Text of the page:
“Lady Morgause,” Alison replied with a polite nod of greeting. “Lord Lot — Sir Mordred — and I assume Lady Dindrane and Garnet are lurking behind you, somewhere?”
“Indeed, majesty,” said Mordred as he extended a careless hand to his wife. Dindrane took it, but for form’s sake only. Their fingers barely touched, and both let go as soon as possible.
“Well, you are all most welcome,” Alison replied, curtseying to all of them, extending her hand to Lord Lot to be kissed for form’s sake. “I trust your ride was pleasant?”
“Quite, majesty,” replied the lord.
“And how do the children?” Alison asked. “Little Agravaine must be crawling about and getting into everything by now.”
“Aye, ’tis a job and a half to keep up with all of them,” Lord Lot laughed. Behind him, Alison could see Dindrane wearing a gentle maternal smile. Unnoticed by either parent, Garnet gave a polite nod and curtsey to the King and Queen, then went over to hug what was probably one of her favorite people in the room.
As the small talk, the meaningless nothings continued, more and more guests started to filter in. Everyone, in fact, over the age of twelve and with a jot of noble blood in their veins was there — except of course the de Ganises. The du Lacs came in next, and with them the volume in the room increased tenfold. Lastly were the Gwynedds, or the Gwynedds that were not Dindrane. Lady Eilwen barely was able to greet Alison and Arthur before she grabbed her daughter’s shoulder and began a whispered consultation in which the names “Nimue” and “Gawaine” figured heavily. Lord Pellinore gravitated to the side of Arthur and the other men (though Lord Lot and Mordred found an excuse to wander off in another direction), while Aglovale went on a hunt for Kay, doubtless. Drat it, where was that boy? He ought to have been here, greeting the guests …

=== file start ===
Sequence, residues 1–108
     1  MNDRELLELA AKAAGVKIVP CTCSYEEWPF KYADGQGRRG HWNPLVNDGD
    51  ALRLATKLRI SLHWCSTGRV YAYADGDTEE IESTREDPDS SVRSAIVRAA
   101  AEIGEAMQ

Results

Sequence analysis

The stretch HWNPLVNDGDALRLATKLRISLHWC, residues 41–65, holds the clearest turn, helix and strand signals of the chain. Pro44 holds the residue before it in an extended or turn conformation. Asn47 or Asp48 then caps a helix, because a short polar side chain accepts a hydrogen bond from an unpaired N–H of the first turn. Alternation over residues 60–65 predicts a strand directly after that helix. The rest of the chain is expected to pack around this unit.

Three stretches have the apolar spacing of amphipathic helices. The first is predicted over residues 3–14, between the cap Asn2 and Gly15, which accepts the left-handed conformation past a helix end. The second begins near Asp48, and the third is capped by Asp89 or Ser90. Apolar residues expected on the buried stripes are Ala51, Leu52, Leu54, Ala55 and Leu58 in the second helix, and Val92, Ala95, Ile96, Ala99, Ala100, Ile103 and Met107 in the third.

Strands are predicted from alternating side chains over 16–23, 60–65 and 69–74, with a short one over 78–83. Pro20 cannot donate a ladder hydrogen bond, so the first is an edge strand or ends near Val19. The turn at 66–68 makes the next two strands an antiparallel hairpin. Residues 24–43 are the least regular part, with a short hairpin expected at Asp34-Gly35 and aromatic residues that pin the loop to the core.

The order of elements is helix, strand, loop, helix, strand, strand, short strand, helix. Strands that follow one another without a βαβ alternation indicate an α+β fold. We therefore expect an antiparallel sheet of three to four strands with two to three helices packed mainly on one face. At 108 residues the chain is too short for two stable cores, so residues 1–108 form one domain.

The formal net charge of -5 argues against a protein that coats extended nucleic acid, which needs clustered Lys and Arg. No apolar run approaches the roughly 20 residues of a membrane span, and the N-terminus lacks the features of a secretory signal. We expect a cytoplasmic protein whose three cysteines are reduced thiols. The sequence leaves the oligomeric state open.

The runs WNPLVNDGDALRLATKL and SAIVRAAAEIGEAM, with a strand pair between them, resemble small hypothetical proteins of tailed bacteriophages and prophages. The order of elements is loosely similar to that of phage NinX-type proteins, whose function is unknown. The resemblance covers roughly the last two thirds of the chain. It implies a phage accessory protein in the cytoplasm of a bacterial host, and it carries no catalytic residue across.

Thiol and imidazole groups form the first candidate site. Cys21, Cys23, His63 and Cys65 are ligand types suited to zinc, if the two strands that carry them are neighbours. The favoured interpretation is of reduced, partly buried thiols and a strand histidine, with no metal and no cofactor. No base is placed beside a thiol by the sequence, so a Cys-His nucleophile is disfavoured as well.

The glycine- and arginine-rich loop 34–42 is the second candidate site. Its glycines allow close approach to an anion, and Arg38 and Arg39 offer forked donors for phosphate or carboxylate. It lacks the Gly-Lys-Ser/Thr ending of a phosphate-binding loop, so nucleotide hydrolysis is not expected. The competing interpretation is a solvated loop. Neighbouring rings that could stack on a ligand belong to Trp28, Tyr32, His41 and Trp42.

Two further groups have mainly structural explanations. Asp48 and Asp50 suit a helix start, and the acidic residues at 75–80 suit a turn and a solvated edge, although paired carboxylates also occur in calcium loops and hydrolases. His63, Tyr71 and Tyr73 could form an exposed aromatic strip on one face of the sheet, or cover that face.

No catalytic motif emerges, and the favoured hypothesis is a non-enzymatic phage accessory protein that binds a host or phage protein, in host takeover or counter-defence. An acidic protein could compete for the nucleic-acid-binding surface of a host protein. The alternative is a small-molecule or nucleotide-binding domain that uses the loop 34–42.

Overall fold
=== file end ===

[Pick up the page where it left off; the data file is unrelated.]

As for the Gwynedd twins, they stood in the doorway behind their parents, Delyth looking about her with eager curiosity, Dilys playing with a fold on her dress and not meeting anyone’s eyes. Alison looked for Ravenna and Garnet — Ravenna was exactly the twins’ age, even if Garnet, well, wasn’t — but they had already disappeared.
They are witches, Alison.
But in any case, Ambrosius soon came out bearing a tray of hors d’oeuvres, and with that, the party was officially in full swing.
“You’re quiet,” Aglovale remarked to Kay some time later, after the official meal, when all the guests had dispersed from the table and been sent to find amusement as best they might.
“Hmm?” Kay asked, glancing at his buddy over his shoulder.
“It’s because you’ll miss me, isn’t it?” Aglovale said, slinging his arm over Kay’s shoulder. “Admit it. You can’t imagine how you’ll survive without me to raise hell by your side.”
“Bah! Tom will have nothing but the best hellraisers in three kingdoms by his side. I’ll be admitted into an elite club — I’ll just have to study hard, learn all their tricks, and do my best to pass them on to you next year.”
“Nothing but the best hellraisers in three kingdoms? You sure about that?”
“Of course I am. I know Tom.”
“Aye, I’m sure you have, but mate … have you met Will du Lac?”
“Oh, shut up,” Kay chuckled. “He gets into trouble with Tom the same as the rest of them — it’s thanks to him that they don’t get caught half as often as they should.”
“If you insist.”
“And I do insist.”
Aglovale rolled his eyes. “Very well, my prince — if the prospect of leaving me behind with only Elyan for company isn’t making you pensive, then what is?”
Kay hesitated. “Something’s … missing.”
“The de Ganises didn’t make it.”
“No — something other than that.”
“Hmm. Free-flowing wine?” Of course, the alcohol was flowing rather freely, but with both of their fathers sitting not fifteen feet away, it was difficult to partake of as much as they might have otherwise. “Willing women of easy virtue?”